If your landlord won’t negotiate, or you can’t afford the increased rate then you may want to consider the following:
Share your property If your landlord is insistent that your rent is increased and you want to stay in your home you could consider sharing your property and splitting the rent.
However, before you simply invite a friend or family member to move in, you will need to speak to your landlord and get their agreement and discuss if a new rental contract including the new tenant is required.
Seek help If you are on a low income and will struggle to pay your new rent but don’t want to move you may be able to get some financial help.If you are eligible you may be able to claim housing benefit or local housing allowance to help pay for your rent.
To check whether you qualify visit the Direct gov website, each local housing authority has different criteria for housing benefit so you will need to select your local authority from the list to check if you qualify.
There are also a number of charities – such as Shelter and the Citizens Advice Burea - that can help you to review your options if you’re facing an unaffordable rent hike.
Move outIf you are faced with a rent hike and can’t agree a compromise with your landlord then you may need to look elsewhere.
Finding somewhere nearby that is a similar quality, size, and price would be ideal, however you may have to look further afield or at different types of properties to keep your rent down.
Property sites including Rightmove and Find a Property allow you to search local estate agents for listed properties that meet your needs.
Consider buying Your landlord upping the rent may provide a good opportunity to review your long terms plans.
If you would, in ideal circumstances, like to purchase a property read our guide Should I buy or keep renting? or follow our Action Plan How to buy a house for help deciding what’s best for your situation.
However, remember that a mortgage is a much bigger commitment than renting so you will need to make sure you can afford the repayments for the foreseeable future before signing on the dotted line.
What if the real estate haven't informed me the rent has gone up?
You should check your contract in the first instance, it should specify if and when your landlord can increase the rent and the amount of written notice they should give you.
If they have failed to give you the notice stated in your contract you can contest the increase if you wish.
Hi There,Above you state that 'However, if you have come to the end of a fixed term lease and haven't signed a new contract your landlord can issue a formal 'notice of increase' giving you at least two months' notice that they're putting up your rent.' Are you sure it is two months notice? Section 13 of the Housing Act says that in those cases of a statutory periodic tenancy the landlord issues the Form 4b with ONE month notice for a rent increase.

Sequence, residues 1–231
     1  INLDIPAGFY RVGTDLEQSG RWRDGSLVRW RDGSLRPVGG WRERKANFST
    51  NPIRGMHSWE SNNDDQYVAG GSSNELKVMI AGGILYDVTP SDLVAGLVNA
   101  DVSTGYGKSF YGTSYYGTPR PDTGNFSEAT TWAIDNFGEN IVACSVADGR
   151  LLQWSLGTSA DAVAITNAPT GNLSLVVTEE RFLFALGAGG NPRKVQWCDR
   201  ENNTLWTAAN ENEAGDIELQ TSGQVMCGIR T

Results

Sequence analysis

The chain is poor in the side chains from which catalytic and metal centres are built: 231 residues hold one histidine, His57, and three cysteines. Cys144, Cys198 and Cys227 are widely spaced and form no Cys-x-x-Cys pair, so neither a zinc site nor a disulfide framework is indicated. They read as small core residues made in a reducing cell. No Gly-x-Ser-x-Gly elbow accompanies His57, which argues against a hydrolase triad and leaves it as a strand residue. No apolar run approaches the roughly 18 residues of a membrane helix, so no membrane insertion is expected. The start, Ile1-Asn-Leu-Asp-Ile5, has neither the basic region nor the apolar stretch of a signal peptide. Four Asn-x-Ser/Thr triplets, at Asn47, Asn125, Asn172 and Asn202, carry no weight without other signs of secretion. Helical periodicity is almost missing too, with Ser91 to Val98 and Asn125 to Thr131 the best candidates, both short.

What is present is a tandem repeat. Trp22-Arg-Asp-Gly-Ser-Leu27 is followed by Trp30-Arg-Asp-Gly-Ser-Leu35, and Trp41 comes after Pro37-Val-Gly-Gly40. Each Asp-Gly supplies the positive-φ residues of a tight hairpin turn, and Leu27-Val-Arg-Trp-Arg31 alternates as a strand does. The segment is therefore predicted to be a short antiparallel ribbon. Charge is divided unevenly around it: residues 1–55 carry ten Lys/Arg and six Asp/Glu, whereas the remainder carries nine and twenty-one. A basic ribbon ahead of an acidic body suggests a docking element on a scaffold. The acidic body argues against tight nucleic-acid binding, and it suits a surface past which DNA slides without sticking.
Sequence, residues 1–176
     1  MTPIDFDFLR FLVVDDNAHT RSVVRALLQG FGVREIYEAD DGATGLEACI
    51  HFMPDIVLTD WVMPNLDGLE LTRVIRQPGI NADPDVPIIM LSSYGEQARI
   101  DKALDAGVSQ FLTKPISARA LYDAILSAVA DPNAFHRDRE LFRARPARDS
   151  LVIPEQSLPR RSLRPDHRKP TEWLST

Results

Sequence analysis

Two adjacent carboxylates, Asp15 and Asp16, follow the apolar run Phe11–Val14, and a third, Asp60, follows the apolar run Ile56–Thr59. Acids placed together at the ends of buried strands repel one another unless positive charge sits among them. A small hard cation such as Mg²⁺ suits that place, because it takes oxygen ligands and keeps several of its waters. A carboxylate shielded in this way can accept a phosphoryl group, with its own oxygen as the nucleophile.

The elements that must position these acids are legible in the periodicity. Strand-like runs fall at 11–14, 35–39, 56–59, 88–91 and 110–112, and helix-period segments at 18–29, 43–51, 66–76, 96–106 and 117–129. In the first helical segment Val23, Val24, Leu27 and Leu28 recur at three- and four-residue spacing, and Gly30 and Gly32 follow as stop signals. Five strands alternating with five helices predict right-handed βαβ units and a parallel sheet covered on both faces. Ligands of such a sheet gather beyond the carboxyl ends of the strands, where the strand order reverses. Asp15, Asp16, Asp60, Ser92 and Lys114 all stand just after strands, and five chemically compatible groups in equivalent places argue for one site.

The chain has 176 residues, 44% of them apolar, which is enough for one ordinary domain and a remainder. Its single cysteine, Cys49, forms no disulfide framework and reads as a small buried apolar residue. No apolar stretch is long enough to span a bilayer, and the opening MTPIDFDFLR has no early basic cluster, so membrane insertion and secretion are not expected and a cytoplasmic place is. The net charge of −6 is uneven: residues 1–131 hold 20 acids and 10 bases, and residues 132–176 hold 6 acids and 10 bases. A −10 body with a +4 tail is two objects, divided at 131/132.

Sorry but the info on here is 'light.' It doesn't take much searching online to find the legal position. If the rent increase is stipulated in the agreement the landlord is in a strong position but the tenant can dispute through legal channels. If no clause exists and the tenants haven't signed any documentation agreeing to rent increases, then the Form 4b in Section 13 of the Housing Act must be followed which outlines the minimum Notice that must be given. Even then the tenant can dispute the rent increase if they believe it exceeds market rates.
Hi, Our tenancy ended at the beginning of this year and our letting agent wanted to charge us £200 for a renewal fee and increase our rent to £825 (from £800). I argued the renewal fee and they said ok £100 instead. The letting agent then rang me after hours out work to say if I was you I wouldn't pay the fee, it then goes onto a rolling month by month contract, as long as you pay the rent, the landlord isn't going to kick you out. I said I would think about it and waited for the new tenancy agreement to arrive in the post to sign something to say I was ok with the rent increase and wanted to renew for another year. It never did. We received a letter to say that the rent would go up but nothing for us to sign to say we were happy with it. Then this weekend, we receive another letter saying that from May this year our rent will go up to £900 per month! So well played to the letting agent for advising me not to renew so that they could get an extra £100 per month on the rent. However, as we never received a tenancy renewal form to sign and return does anyone know where we stand? I was all for paying the £100 renewal fee but they never told me how to pay it and I never was sent anything to sign. I feel completely ripped off by this letting agent and I'd rather move out than pay £100 extra a month! Please help! Thanks!